A Note from Fatty: Thanks, everyone, for your votes yesterday, and thanks even more for your comments. Here’s what I’m thinking:
- We’ll definitely do a jersey.
- Considering the number of votes, the color of the jersey, and the fact that the money from this will go toward fighting breast cancer, we should have a women’s-sized version of the jersey.
- We will tweak the design slightly from the mockup in yesterday’s post.
The Twin Six guys and I are working on it and will have something to show soon, along with info on how to order.
Plus, don’t be surprised if you can round out your look with matching socks.
OK, on to today’s post. This one’s a special request. Mine. I asked my friend Bob (of Bob’s Top 5 and Random Reviewer fame, now blogging without the constraint of a theme at Bob’s Web Log) to describe what it’s like to own and ride — in public! — an electric bike.
I Sing the Bicycle Electric
Fatty may have a large fleet of bikes â€“ two road bikes, a mountain bike that folds up to fit in a suitcase, a single-speed, and one of those fixed-gear bikes that you ride in a velodrome â€“ but does he have an electric bike? I donâ€™t think so. For that matter, Botched, Brad, Kenny, dug, Rick Sunderlage (not his real name), and the rest of Fattyâ€™s riding buddies have this in common â€“ they fail to own an electric bike.
I have one.
I know what you’re thinking. You admire me. Thatâ€™s perfectly natural, as long as you donâ€™t get carried away with your envy and try to negotiate by violence.
I know what else you’re thinking: How does an electric bike work? Itâ€™s elegant in its simplicity. First off, this is not a moped â€“ an electric bike cannot propel itself. It helps to imagine a bike with an enclosed drive train that houses magic ferrets. When you start pedaling, the ferrets are shocked into action, and they begin running on their little treadmill that generates extra power. The 5-speed bike includes 3 self-explanatory battery settings, which I’ll explain parenthetically: Off (no power), On (full power), and Lo (econo-mode).
If you’re riding on a flat street, you can cruise along at 13-14 mph for about 3 hours with minimal effort. If you weigh 300 pounds, you could ride 5 miles on a flat surface without breaking a sweat. If you’re going up a steep hill, you have to put in a little more effort — but not much more — and you can climb faster than all but the strongest riders. In fact, it’s kind of embarrassing to ride up past decked out roadies over the West Seattle Bridge, especially when you’re wearing overalls and carrying a parasol, like Mary Poppins.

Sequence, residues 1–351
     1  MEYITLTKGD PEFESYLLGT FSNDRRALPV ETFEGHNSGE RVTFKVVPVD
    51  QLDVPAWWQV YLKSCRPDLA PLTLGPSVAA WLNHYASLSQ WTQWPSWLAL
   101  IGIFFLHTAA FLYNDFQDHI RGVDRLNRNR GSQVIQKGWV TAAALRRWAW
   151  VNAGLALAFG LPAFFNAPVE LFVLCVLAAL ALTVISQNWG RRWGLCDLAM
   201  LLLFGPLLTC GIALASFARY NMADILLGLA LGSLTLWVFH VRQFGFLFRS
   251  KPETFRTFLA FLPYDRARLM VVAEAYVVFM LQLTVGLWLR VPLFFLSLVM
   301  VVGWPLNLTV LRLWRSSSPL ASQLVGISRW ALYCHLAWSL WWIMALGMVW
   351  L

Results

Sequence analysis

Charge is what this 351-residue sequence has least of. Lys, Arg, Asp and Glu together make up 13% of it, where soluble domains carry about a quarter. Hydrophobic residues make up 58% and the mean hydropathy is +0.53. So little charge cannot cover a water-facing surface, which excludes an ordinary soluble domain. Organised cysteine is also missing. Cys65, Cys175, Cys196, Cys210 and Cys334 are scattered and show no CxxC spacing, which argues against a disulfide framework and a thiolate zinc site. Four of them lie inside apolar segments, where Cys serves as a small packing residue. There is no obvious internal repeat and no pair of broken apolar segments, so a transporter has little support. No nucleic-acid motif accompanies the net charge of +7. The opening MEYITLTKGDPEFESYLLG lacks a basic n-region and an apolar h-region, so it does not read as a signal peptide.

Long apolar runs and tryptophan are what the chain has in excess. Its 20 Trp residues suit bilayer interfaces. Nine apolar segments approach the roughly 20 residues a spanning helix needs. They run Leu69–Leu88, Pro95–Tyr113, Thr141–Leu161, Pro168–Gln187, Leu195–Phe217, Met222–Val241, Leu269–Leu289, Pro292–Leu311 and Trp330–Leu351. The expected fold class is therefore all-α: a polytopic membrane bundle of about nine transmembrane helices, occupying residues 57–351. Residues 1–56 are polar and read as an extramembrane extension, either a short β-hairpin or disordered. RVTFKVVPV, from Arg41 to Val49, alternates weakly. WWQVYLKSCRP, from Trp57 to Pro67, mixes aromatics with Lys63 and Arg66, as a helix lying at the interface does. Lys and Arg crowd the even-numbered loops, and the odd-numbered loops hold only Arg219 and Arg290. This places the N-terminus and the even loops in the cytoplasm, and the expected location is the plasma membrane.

Next question: How is the electric bike helping you, Bob, to train for the 100-mile mountain bike race in Leadville? Answer: It’s not. Riding the electric bike 10 miles to work gives me about the same amount of exercise as going on a brisk 20-minute walk. But when I’m getting over a cold, or when I’m physically drained from having had vigorous sex with a batch of wood nymphs, the electric bike is a nice commuter alternative.
- You can’t go much faster than 15 mph. Once you hit 17 mph, the battery automatically stops generating power, for safety reasons.
- The bike isn’t built for aggressive pedaling. If you’re nearing a green light that’s about to turn yellow, you don’t really have the option of accelerating. And if you want to push it really hard going up hill, you just end up riding past your power supply, if that makes sense. But there’s more to the fact that you can’t go fast. I get the feeling that if I mash the pedals really hard, I’m going to break something.
- Maintenance may be a problem. I work close to a store in Seattle that sells nothing but electric bikes, so whenever there’s a problem â€“ like when I mash the pedals too hard and break something â€“ I can just take it into the shop. I’m not sure what I’d do if I lived in a place like Utah, other than complain about liquor laws.
- If youâ€™re on a hilly ride, the battery lasts only about 90 minutes. I have to bring the charger with me to work so that I donâ€™t lose power on the way back.
- There’s something odd about riding an electric bike. You feel goofy and other-worldly.
- Comfortable and easy to ride, like a beach cruiser.
- Excellent commuter bike for someone who wants a mild workout without having to take a shower.
- Good “gateway” bike that can help your out-of-shape friend or spouse get addicted to a stronger bike.
- The roadies don’t acknowledge you. No head tilt, no hand wave, not even a finger wave. The homeless guy with the shawl made from a sleeping bag will wave at you, but he waves at everyone.
- There’s something cool about being on an electric bike. You feel pampered and other-worldly.
Lately, A lot of people have been asking me how I’m doing. The honest answer is, I’ve never been worse. My wife doesn’t react well to narcotics (which we found out after getting the 100-capsule bottle of Lortab), so she has to choose between being nauseated and hardly being able to move — her hip, ribs, and shoulder hurt like hell.